NBA: Oklahoma City Thunder at Golden State Warriors

When you look at the Golden State Warriors' offseason additions, one big name stands out: Chris Paul. If they weren't good enough to compete for a title last season, it would stand to reason that if they return to the level of a contender this season, Paul will have provided the added juice. 

But to me, Paul isn't enough. He'll help. Maybe a lot. But for the Warriors to vault themselves back into the ranks of the truly elite contenders, Jonathan Kuminga has to have a breakout season. And there are plenty of reasons to believe he can do just that. 

Kuminga has looked incredible in the preseason, averaging 26 points on 55% shooting, including 47% from 3. And these are volume numbers. Just under six 3-pointers and 10 free throws attempted per game. He is attacking downhill with athleticism and ferocity that no Warrior outside of Andrew Wiggins possesses, and even Wiggins operates far more on the perimeter and falls well short of Kuminga's vertical force. 

"We're not the most athletic team," Steve Kerr told reporters this preseason. "We're a very skilled team, but we don't get to the [free-throw] line a ton -- near the bottom of the league last year. If [Kuminga] can attack and get to the rim, and to the foul line, it makes us a better team."

It's true. The Warriors have traditionally had to score the hard way; it just so happens that they have two of the greatest tough-shot makers in history. But as they age, and considering the size deficiency on the glass they're up against every night, they need more easy points.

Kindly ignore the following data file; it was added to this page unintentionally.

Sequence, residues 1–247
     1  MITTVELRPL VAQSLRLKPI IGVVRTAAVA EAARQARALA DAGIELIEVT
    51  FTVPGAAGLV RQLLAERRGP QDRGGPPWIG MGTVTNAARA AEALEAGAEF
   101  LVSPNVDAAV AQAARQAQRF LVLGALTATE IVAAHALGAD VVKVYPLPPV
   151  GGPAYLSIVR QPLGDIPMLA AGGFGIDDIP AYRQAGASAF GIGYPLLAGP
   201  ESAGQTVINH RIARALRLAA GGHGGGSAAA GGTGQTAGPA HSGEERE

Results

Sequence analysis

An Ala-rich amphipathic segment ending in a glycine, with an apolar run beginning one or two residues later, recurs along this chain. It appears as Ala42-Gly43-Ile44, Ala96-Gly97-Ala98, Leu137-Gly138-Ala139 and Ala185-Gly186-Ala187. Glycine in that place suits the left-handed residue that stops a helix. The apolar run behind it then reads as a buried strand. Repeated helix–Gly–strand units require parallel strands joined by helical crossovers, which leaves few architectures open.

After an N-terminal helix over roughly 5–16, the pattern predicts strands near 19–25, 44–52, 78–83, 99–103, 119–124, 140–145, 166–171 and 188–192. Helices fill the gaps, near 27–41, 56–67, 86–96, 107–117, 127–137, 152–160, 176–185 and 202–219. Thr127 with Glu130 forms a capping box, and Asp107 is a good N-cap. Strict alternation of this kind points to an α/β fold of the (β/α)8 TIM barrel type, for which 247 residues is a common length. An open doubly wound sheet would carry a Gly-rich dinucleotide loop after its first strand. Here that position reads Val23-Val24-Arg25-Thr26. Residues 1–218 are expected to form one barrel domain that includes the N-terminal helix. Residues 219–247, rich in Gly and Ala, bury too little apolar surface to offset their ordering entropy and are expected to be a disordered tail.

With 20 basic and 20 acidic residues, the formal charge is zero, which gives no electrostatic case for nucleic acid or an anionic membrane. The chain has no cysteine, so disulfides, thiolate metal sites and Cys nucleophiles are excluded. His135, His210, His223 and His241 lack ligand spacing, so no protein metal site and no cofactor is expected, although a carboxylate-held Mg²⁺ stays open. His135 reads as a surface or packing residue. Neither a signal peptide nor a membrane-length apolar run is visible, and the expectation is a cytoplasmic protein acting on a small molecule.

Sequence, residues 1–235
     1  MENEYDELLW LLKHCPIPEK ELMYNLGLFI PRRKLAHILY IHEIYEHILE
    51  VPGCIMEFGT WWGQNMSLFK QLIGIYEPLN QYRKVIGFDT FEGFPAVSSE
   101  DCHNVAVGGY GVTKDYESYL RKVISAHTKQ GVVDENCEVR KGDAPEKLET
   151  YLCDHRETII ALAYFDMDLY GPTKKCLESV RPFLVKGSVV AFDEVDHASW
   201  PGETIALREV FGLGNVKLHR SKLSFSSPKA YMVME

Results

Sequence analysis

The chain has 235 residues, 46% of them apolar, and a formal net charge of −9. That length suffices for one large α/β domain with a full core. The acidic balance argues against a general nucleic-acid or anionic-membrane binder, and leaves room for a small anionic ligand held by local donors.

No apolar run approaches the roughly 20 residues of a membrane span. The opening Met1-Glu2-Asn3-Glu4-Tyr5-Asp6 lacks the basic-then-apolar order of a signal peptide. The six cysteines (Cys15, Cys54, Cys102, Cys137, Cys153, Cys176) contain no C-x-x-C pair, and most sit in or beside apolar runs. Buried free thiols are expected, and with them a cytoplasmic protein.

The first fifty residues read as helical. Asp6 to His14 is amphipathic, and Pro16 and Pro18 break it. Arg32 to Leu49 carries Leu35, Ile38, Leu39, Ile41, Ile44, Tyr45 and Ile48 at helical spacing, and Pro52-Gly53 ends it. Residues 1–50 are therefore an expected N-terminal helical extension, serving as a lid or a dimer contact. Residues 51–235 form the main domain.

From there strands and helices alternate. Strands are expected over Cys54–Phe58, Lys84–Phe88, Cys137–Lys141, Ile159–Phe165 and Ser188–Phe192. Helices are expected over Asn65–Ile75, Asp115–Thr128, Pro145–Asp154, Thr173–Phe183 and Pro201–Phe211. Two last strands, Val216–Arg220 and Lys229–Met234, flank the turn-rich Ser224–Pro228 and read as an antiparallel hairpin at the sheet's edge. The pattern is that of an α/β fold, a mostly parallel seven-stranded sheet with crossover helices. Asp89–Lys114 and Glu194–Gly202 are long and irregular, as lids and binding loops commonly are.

Imagine an offense that's still getting all the 3-pointers and backdoor cuts but also 8-10 more free throws and 2-3 dunks every game. Kuminga can take the Warriors to another level. I would go so far as to say he profiles as the most important player for Golden State this season. Without him, they're too small and too reliant on jumpers at this stage of the core players' careers. 

And this is just the offensive pop Kuminga can provide. Defensively, we've seen him make a serious impact from time to time. Is he always in the right place? No. But his physical gifts are unmatched on this Warriors roster. His size, his length, his athleticism. He fills voids nobody else can. 

If Kuminga's 3-point shooting is viable, and there's good reason to believe it will be, then he's a guy that could end up as the four-man in closing lineups, with Green at center, and the two of them guarding like maniacs all over the court. 

Again, Paul will help. Dario Saric will, too. But Kuminga is the swing player for Golden State. You pretty much know what you're going to get from Curry, Klay, Draymond, Wiggins and Paul. Kuminga is the X-factor. If he pops, the Warriors become a much more dangerous team with a lot more ways to beat you when and if the shooting goes cold. 

That's important not just for this season, but in the years to come. Klay Thompson is likely going to extend with the Warriors. Green is already locked up for four more years. Curry will turn 36 this season. Paul is 38. The Warriors are only going to get older and less athletic as time rolls on. Kuminga's influx of athleticism and high-flying energy could turn back their collective clock and give them a few more years in the title-contending sun.